Since 2015 the IDB has been part of the Inter-American Task Force on Non Communicable Diseases (IATF), a group that jointly with PAHO, the OAS, including the Inter-American Commission of Women and the Inter-American Children’s Institute, IICA, ECLAC, and the World Bank, promotes collaboration across various sectors of government in the Americas for a comprehensive response to Non Communicable Diseases (NCDs) at the national, sub-regional and regional levels. In 2016 the IATF aims to: i) support Member States in strengthening their national capacities for NCD policies and programs through enhanced interagency collaboration; ii) seek synergies and harmonization among the participating agencies and their relevant activities and strategies to support Member States in implementing actions to prevent and control NCDs; and iii) coordinate with the multi-sectoral NCD actions of related global and regional initiatives to ensure complementarity of purpose and optimal use of resources.

    The IDB is also part of the Salud Mesoamerica Initiative (SMI) - a public-private partnership which aims to reduce maternal and child health inequalities through a results-based financing model which is based on: targeting the poorest 20%; financing evidence-based interventions; 50% average cost-sharing; and, independent verification of results. As of today, five countries achieved their targets and received a cash incentive. Countries have approved pro-poor policies and increased allocation of funding to the poorest individuals. Countries showed significant progress in availability of critical supplies in more than 1,000 facilities; 200,000 children are receiving micronutrients for the first time; and three countries are reorganizing their service network. In the coming years, countries are committed to reach population-based targets focused on effective coverage and quality.
    • Date:  10/15/2015    Paragraphs: -
    Initiative: Improving Education through Broadband: Best Practices for Policy Design
    It is well recognized that technology can produce substantial improvements in the learning process by allowing personalized instruction, increasing student engagement, providing real-time monitoring, and generating immediate feedback to students. However, there is limited analytical work on how identify best practices regarding how to leverage technology access effectively for educational purposes and disseminate such practices.
    This initiative presents two main products: First, a high-level policy workshop titled “Schools Ready for Change: Technology to Improve Learning in Latin America and the Caribbean”, and second, the collaborative work of a team of experts in education, technology and economics to produce an e-book on promising models to improve Math learning using technology. These products contribute to the identification and sharing of best practices regarding how to effectively use technology for educational purposes in the LAC region.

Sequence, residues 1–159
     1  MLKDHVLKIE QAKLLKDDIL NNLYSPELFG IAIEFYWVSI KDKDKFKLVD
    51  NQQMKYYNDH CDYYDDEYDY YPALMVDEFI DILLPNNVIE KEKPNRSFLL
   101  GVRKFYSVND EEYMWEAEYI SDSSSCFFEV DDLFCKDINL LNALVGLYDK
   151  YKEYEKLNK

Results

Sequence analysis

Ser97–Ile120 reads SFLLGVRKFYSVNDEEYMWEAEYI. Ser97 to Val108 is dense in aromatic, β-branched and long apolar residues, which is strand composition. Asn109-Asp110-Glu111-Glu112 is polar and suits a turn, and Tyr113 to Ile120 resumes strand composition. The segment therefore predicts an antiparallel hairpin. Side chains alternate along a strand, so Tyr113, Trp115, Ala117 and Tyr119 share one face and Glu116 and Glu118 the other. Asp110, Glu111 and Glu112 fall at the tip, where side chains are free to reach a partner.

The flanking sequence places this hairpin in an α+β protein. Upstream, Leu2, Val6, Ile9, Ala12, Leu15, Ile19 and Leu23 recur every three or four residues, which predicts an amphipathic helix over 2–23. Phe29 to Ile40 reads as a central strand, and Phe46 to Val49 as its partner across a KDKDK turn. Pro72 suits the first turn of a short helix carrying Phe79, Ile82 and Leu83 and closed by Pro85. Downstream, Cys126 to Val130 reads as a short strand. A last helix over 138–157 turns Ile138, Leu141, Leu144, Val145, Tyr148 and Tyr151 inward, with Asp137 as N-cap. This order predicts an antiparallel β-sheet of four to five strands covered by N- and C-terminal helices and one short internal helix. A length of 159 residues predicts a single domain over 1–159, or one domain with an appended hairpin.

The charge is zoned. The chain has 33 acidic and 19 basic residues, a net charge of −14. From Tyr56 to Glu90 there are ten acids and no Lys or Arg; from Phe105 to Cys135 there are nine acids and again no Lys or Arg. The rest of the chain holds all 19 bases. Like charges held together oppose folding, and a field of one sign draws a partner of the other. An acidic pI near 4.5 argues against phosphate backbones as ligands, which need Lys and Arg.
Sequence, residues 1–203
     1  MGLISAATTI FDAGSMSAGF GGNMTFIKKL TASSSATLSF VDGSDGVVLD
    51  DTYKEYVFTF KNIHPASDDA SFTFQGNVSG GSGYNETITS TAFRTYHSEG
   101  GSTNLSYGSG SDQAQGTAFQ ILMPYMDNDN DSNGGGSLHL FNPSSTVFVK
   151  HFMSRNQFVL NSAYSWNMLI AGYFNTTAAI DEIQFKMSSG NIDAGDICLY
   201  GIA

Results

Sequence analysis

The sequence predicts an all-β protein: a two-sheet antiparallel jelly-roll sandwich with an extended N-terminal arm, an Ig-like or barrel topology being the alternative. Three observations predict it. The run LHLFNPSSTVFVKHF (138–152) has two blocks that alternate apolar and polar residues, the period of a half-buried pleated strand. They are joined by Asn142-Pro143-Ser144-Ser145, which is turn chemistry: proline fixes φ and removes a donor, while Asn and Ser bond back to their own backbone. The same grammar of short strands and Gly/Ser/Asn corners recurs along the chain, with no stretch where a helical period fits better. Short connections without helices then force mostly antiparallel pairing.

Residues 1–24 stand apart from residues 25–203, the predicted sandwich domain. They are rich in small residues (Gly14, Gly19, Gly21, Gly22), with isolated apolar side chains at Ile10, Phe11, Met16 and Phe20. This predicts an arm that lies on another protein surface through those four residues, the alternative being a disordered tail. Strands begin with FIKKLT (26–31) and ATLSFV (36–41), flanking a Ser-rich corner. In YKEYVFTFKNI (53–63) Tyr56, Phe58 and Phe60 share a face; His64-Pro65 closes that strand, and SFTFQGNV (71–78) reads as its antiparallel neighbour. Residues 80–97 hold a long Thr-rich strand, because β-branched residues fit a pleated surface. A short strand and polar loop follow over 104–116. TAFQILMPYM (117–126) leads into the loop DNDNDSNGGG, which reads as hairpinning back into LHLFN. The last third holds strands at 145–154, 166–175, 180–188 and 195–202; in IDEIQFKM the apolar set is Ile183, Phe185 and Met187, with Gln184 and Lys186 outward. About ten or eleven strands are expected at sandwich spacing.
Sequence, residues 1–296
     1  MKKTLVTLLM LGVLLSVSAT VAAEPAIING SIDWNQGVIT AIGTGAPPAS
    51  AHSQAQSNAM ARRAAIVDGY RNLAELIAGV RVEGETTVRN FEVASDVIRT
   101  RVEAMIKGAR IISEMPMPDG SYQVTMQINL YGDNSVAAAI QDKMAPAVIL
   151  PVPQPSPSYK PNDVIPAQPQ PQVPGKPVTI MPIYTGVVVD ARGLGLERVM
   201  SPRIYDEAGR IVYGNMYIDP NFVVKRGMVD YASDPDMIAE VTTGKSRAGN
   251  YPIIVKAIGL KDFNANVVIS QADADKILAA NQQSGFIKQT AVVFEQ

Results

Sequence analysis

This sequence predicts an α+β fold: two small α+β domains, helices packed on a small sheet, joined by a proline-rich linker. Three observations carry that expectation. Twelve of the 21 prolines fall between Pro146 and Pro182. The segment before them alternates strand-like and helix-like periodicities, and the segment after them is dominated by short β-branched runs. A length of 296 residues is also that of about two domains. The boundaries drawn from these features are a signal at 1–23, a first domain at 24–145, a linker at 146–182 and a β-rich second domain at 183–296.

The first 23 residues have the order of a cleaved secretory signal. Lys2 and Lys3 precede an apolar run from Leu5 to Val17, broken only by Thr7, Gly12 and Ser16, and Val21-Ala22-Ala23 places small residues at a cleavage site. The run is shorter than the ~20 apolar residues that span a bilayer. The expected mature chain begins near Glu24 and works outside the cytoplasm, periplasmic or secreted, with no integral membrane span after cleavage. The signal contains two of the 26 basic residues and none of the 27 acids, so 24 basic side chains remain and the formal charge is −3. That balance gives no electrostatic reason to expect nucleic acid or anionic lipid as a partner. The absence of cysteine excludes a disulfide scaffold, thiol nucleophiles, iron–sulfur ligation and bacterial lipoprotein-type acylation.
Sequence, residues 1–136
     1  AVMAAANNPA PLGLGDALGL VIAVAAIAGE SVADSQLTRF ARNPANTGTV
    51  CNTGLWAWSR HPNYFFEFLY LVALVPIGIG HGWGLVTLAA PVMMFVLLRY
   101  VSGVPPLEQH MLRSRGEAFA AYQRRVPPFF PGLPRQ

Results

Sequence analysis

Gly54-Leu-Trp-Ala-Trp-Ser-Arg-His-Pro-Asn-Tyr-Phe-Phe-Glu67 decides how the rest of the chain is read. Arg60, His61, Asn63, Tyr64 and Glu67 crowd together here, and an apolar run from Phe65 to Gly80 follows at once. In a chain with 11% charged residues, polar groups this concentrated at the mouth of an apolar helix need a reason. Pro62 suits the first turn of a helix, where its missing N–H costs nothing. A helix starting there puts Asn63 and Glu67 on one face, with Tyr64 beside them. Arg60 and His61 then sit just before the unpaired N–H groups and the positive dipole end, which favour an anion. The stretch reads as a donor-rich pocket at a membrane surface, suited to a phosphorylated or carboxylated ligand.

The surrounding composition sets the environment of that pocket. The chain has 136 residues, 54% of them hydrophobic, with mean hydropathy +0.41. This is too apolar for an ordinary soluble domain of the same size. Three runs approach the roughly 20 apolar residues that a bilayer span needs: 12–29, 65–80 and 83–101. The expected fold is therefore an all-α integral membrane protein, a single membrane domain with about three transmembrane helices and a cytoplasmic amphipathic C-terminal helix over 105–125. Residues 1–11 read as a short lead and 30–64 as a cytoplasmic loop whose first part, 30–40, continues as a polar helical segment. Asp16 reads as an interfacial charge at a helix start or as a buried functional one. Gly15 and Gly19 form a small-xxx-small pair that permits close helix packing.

Finally, the described e-book has produced a deep analysis of the underlying educational problems faced by students in our region and has synthetized knowledge from different disciplines to guide governments on the critical challenge regarding how to leverage technology effectively to promote student learning.

    Review of research evidence and successful programs:
    - Identification of learning gaps and promising instructional strategies
    - Summary of the quantitative evidence
    - Documentation of successful and promising programs
    - Analysis of challenges and solutions of specific inputs
    Production of best-practices toolkit:
    - Organization of workshops
    - Production of toolkit

    Website: Video:

    Beneficiaries: Latin America and the Caribbean countries
    • Date:  4/28/2014    Paragraphs: 3
    Low-income Students' Access to Higher Education.
    The Universidad San Ignacio de Loyola (USIL), a leading private university in Peru, will receive a loan from
    the Inter-American Development Bank (IDB), as a non-sovereign guaranteed loan, to double its capacity
    and expand access to affordable education programs for low-income students.

    IDB financing will allow USIL to double its capacity from approximately 12,000 to 25,000 students over the
    next ten years. Moreover, the loan will help USIL establish a new student guarantee fund, support a new
    technical training institute, and increase its participation in Beca 18, a Peruvian government flagship
    scholarship program targeting economically disadvantaged youth. It will also help expand and upgrade
    USIL’s infrastructure using green technology that permits the reduction of water and energy